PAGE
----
Once upon a time there was a Captain at Cherry Point, NC who was a pilot of the new A6A Intruders that we had just acquired from the Navy at Oceania, VA. This Captain liked to be a semi-hard ^ss to a few of the enlisted Marines in the squadron. One night before the squadron was to fly across country to Yuma for training in the dessert a certain enlisted Marine went out to the Captain's aircraft and shorten the relief tube that is attached to the middle of the ejection seat between the pilot's legs. This tube has an elongated funnel on the end and is what the pilot uses to relieve himself on long flights or when the need may arise. Some where over Texas the next day after refueling in the air and maybe taking a drink of water the Captain had need to use this relief tube. He could get it unlatched but with the tube being shortened about 6 to 9 inches it just would not reach up beyond the top of the seat. Needless to say in trying to use the relief tube the Captain wet him self considerably. And the B/N sitting in the right hand seat could not but witness the hilarious episode. Once this news leaked out Captain "Shorty" as he was nicknamed by a few, seem to be considerably more friendly and easy to get along with. To this day the name of the Marine who shorten the relief tube is safe with me.
Sgt. Marty Maners USMC 1963-1967
I read your newsletter with a lot of interest and amusement. The "old timers" who contribute rekindle memories of the terrors that befell us at that island many years ago. They bring a lot of laughs among the group that assemble at the Marine Corps League every Friday night. I don't know if they still use terms like yardbird, skinhead, tie-ties, clothes line watch, sand pit and mess duty anymore, but there have been times when I think many of us could write a book on the experiences from the early 50s era. I'm sure those who came later feel the same way, Some of the experiences mentioned bring back memories that I've long forgotten. The letter written about using ink to put stripes on the sleeves of utilities brought a smile to my face. Some of those jobs on the sleeves were pretty bad. The paint overs after promotion were especially bad. While at ITR at Pendleton, I even saw some who put a small X over the top of their PFC stripe to show they had been busted. I saw a Lieutenant jumping all over one of the bustees in a chow line and the practice stopped, and the blacked out stripe had all appeal of one who had just come out of the brig. I don't know if stamping of clothing with the rubber marker is still used, but a buddy from the League tells the story of a recruit in a group following instructions from the DI, stamping his name on the outside of the back of his shirt collar instead of the inside, and it wasn't noticed until the platoon was readying for final inspection. All of us can imagine the interest stimulated in the DI. I don't think skinhead, yardbird or orifice were used in this encounter. Keep those tidbits coming. Semper Fi to all you one time Sbirds out there.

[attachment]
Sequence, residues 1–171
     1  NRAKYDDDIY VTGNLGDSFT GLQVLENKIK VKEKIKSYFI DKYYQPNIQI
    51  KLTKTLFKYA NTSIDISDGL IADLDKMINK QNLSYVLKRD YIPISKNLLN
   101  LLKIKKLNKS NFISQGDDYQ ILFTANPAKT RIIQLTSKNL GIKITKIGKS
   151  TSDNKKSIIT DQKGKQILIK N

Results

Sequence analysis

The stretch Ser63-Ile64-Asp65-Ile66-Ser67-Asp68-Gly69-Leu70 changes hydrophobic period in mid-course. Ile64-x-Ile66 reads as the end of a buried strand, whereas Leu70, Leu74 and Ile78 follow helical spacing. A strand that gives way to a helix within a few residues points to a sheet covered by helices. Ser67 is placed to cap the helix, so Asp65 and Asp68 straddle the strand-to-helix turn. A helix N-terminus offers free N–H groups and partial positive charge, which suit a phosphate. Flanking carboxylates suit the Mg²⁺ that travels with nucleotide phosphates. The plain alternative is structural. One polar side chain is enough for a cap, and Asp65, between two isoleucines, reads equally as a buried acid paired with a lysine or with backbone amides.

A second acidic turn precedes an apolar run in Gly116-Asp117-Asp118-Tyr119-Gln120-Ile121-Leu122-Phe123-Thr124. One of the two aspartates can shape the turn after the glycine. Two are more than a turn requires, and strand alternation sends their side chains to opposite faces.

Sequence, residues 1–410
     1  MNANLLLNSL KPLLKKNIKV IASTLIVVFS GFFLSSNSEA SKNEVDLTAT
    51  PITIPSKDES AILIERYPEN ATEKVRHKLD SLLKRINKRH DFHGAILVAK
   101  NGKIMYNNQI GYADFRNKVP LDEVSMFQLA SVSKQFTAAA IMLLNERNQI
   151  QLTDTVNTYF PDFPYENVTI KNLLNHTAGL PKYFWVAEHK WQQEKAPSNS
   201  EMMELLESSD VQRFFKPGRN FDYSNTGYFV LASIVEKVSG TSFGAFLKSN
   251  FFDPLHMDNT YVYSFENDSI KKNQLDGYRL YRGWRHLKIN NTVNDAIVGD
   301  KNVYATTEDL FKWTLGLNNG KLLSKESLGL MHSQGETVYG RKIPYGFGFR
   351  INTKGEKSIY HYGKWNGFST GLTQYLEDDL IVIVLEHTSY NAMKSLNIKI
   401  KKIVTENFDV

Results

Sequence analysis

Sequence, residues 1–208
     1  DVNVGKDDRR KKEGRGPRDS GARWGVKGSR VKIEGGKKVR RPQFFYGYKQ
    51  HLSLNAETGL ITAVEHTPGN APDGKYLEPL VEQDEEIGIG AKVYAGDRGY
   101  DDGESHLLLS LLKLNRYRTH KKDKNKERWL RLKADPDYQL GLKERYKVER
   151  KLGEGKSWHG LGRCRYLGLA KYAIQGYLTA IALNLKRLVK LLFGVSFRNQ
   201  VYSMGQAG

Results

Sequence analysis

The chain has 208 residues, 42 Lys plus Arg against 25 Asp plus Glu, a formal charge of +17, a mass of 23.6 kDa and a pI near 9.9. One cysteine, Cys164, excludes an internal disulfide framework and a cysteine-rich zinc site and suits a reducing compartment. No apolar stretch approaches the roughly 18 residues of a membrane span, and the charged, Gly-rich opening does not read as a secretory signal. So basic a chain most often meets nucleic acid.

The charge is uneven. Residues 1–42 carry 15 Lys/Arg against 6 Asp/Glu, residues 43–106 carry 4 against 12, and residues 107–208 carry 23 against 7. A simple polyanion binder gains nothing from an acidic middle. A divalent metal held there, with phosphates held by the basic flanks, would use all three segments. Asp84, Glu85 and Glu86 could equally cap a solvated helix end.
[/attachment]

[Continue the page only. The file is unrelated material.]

Frank Athis PI Class of 52
Yakking It Up
Just recalling some things when stationed at H&MS 36, MCAS Futenma, Okinawa, Japan in 1978-1979.
I worked in the van complex near headquarters and the barracks where we lived was on the opposite side of the runway. So usually you had to go a mile and a half around the runway to get to the complex. During the day there were cattle cars and buses to shuttle you over but we were working the graveyard shift. So many times we had to walk it. The runway lights were usually off by the time we were leaving for work so it was much easier to just cut across the runway for a 1/4 mile walk even though that was forbidden. We were never noticed except by the dog at the firehouse. There was one night we didn't chance it though. Jimmy Carter was visiting Okinawa and Air Force One was parked on the runway. We thought it might not be a good idea to be walking around the runway in the dark that night.
Another time one of the guys in the shop was fixing some two-way radios and wanted me to help him test them. So he stayed inside the van complex while I walked out and headed over to the Red Baron, a small sandwich shop with some other goodies, on that side of the flight line. We were yakking it up on the radios and using some "colorful" language back and forth. Suddenly a Cpl from the firehouse comes on the radio and says we're using the frequency for the firehouse and to watch the language. I tell him sorry and we keep talking as I'm walking back. Now a MSgt from the firehouse comes on the radio and starts chewing me out for using an emergency frequency. Then he says he wants my name, rank, and serial number. He doesn't know who I am or where I am so I'm not about to tell him anything. Then my friend I was talking to is hearing my side of the conversation but not the MSgt's. He comes on the radio and says, "Hey Hower, who are you talking to?" I didn't want the MSgt to hear that! So I pushed the emergency alert button to transmit a high pitched squeal until I got back to the van complex to block anything my friend was saying until I could shut him up. I heard the MSgt say when I finally let go of the emergency button, "Very Funny". They never caught us.